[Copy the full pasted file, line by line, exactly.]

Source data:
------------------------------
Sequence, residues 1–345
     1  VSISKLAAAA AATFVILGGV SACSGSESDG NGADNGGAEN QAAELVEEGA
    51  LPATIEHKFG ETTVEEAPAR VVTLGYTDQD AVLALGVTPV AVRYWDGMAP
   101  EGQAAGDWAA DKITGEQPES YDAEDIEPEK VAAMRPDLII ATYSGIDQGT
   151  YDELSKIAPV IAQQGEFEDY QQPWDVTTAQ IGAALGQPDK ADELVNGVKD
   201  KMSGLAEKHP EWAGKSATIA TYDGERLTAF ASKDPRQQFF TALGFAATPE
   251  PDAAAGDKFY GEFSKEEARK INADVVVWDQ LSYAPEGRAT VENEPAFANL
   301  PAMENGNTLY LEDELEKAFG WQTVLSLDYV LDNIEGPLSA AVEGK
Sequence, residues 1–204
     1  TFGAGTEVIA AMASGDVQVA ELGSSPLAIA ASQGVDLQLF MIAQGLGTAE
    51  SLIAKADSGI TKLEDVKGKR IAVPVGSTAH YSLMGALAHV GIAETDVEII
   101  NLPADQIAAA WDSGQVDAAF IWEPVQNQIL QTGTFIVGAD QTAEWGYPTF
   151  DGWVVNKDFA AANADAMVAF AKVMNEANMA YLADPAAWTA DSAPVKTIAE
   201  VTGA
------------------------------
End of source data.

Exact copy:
Sequence, residues 1–345
     1  VSISKLAAAA AATFVILGGV SACSGSESDG NGADNGGAEN QAAELVEEGA
    51  LPATIEHKFG ETTVEEAPAR VVTLGYTDQD AVLALGVTPV AVRYWDGMAP
   101  EGQAAGDWAA DKITGEQPES YDAEDIEPEK VAAMRPDLII ATYSGIDQGT
   151  YDELSKIAPV IAQQGEFEDY QQPWDVTTAQ IGAALGQPDK ADELVNGVKD
   201  KMSGLAEKHP EWAGKSATIA TYDGERLTAF ASKDPRQQFF TALGFAATPE
   251  PDAAAGDKFY GEFSKEEARK INADVVVWDQ LSYAPEGRAT VENEPAFANL
   301  PAMENGNTLY LEDELEKAFG WQTVLSLDYV LDNIEGPLSA AVEGK
Sequence, residues 1–204
     1  TFGAGTEVIA AMASGDVQVA ELGSSPLAIA ASQGVDLQLF MIAQGLGTAE
    51  SLIAKADSGI TKLEDVKGKR IAVPVGSTAH YSLMGALAHV GIAETDVEII
   101  NLPADQIAAA WDSGQVDAAF IWEPVQNQIL QTGTFIVGAD QTAEWGYPTF
   151  DGWVVNKDFA AANADAMVAF AKVMNEANMA YLADPAAWTA DSAPVKTIAE
   201  VTGA